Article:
Article Last Updated: Thursday, June 09, 2016 11:30am
(c) 2016, The Washington Post.
Thirty years ago, the Supreme Court expanded the meaning of one of the most important civil rights laws in U.S. history – the Voting Rights Act of 1965. Among other things, the court prohibited a then-common practice among some states of spreading minorities across voting districts, leaving them too few in number in any given district to elect their preferred candidates. The practice became known as “racial gerrymandering.”
The court’s solution required that states create majority-minority districts – districts in which the majority of the voting-age population belonged to a single minority. With voting that occurred largely along racial lines, these districts allowed minority voters to elect their candidates of choice.
But a fascinating development occurred in the years since. These districts, rather than giving African-Americans more political power, might have actually started to deprive them of it. Majority-minority districts, by concentrating the minority vote in certain districts, have the unintended consequence of diluting their influence elsewhere. Experts say some Republican legislatures have capitalized on this new reality, redistricting in their political favor under the guise of majority-minority districts.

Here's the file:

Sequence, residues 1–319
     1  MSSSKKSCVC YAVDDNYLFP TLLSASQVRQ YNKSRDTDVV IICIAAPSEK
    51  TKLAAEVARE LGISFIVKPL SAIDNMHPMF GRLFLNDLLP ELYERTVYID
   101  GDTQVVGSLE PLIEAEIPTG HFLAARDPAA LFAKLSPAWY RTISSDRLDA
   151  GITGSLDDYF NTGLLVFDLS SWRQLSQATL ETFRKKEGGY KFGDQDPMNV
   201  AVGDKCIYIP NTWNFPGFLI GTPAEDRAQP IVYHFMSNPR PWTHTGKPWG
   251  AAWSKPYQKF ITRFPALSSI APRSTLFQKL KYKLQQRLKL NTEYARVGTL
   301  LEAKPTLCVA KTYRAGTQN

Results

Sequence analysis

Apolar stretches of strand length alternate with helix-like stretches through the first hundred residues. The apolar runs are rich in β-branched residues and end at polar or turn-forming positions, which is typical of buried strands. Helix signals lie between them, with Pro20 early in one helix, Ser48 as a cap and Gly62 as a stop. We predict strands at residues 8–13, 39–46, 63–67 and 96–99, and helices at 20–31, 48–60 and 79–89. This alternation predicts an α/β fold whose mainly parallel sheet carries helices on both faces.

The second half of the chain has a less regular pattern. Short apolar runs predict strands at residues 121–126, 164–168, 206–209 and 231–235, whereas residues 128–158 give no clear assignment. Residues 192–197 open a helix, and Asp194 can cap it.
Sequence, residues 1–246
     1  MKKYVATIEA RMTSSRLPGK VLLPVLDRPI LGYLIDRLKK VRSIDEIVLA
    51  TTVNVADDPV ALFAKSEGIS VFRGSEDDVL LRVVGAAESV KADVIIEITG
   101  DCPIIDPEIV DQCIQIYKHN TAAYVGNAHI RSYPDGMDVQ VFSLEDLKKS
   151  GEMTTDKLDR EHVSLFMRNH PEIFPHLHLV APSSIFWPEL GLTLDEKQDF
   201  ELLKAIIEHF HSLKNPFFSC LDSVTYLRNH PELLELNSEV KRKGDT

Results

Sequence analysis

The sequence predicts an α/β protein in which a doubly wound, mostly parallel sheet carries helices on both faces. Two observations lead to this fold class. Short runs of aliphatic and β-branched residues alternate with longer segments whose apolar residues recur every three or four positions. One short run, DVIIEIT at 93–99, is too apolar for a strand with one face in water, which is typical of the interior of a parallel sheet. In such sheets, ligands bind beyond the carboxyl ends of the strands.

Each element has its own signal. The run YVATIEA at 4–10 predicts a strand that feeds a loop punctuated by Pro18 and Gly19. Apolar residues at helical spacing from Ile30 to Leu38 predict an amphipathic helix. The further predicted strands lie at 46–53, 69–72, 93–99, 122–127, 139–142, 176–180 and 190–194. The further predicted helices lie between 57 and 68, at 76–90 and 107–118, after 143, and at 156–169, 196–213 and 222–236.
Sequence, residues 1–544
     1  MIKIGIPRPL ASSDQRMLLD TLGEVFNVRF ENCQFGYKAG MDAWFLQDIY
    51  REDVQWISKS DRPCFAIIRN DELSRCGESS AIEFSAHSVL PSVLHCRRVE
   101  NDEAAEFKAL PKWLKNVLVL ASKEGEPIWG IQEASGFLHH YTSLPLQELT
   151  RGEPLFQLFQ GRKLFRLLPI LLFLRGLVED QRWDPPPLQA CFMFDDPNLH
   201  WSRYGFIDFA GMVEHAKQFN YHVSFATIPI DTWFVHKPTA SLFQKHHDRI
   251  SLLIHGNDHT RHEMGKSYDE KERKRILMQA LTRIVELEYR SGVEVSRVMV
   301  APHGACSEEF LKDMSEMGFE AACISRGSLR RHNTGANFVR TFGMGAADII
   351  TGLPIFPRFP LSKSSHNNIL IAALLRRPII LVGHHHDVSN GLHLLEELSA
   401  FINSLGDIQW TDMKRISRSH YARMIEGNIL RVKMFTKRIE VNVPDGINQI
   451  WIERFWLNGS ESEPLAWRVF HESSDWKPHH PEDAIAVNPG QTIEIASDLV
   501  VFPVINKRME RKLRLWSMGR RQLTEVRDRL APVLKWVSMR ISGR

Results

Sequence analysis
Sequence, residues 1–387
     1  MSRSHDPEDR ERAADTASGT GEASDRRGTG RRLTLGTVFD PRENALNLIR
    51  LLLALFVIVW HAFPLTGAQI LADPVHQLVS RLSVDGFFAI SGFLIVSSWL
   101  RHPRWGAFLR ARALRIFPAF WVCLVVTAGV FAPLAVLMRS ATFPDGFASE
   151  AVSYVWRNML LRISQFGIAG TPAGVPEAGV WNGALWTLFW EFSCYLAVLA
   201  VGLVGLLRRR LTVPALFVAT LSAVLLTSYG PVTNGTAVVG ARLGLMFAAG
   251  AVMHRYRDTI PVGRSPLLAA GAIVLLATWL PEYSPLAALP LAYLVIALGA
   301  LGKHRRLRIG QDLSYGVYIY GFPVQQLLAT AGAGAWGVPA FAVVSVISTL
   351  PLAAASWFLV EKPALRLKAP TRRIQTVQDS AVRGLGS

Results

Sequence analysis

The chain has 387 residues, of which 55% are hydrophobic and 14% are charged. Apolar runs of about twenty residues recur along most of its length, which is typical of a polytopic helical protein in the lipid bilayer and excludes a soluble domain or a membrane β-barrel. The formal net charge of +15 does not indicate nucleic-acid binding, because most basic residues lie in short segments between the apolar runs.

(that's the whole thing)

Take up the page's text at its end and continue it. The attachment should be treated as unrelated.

“Typically the goal in [packing minorities into a district] is not to reduce minority representation in the adjacent districts; it’s to reduce Democrats’ representation in those districts,” said Nicholas Stephanopoulos, a professor at the University of Chicago Law School. “They’ve been arguably using the racial demographics as a way to enact a Republican gerrymander.”
The issue has gained new prominence thanks to Bethune-Hill v. Virginia Board of Elections, a case the Supreme Court agreed on Monday to hear. Virginia’s Republican-held state legislature drew its majority-minority districts to be 55 percent black. Golden Bethune-Hill, among other Virginian voters, sued the state’s Board of Elections, arguing that they used race as a primary factor in drawing district lines for the House of Delegates, which is unconstitutional under the equal protection clause of the 14th Amendment.
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